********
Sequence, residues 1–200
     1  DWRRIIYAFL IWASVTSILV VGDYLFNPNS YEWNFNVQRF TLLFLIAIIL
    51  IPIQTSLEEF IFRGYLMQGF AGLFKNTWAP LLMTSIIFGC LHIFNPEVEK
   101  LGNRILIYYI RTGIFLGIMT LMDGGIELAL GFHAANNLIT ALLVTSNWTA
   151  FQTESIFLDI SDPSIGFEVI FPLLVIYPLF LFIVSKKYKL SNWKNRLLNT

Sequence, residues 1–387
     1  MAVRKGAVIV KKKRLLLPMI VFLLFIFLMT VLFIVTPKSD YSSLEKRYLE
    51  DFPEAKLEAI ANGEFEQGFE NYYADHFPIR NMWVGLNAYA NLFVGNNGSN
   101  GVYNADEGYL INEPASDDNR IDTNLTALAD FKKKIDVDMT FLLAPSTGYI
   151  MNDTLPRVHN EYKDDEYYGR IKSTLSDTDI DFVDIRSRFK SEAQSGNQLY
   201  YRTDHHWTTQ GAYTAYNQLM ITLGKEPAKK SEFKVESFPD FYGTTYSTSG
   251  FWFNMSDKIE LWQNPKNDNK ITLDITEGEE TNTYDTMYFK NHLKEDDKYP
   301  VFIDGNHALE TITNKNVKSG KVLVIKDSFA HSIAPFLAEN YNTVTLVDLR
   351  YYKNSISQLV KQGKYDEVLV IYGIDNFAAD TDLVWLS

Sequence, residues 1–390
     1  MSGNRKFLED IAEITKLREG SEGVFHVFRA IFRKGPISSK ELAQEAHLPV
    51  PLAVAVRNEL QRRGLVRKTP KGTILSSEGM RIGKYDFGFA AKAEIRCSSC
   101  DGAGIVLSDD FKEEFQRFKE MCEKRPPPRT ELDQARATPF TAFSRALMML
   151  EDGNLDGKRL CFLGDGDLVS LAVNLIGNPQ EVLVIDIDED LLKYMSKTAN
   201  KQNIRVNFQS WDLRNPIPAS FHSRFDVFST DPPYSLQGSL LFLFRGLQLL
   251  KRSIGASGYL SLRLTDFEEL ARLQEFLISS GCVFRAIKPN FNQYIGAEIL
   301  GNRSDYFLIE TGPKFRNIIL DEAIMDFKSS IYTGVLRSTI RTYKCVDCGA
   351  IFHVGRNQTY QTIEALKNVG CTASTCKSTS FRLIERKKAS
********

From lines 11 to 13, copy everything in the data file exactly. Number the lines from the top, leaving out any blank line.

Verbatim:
   201  YRTDHHWTTQ GAYTAYNQLM ITLGKEPAKK SEFKVESFPD FYGTTYSTSG
   251  FWFNMSDKIE LWQNPKNDNK ITLDITEGEE TNTYDTMYFK NHLKEDDKYP
   301  VFIDGNHALE TITNKNVKSG KVLVIKDSFA HSIAPFLAEN YNTVTLVDLR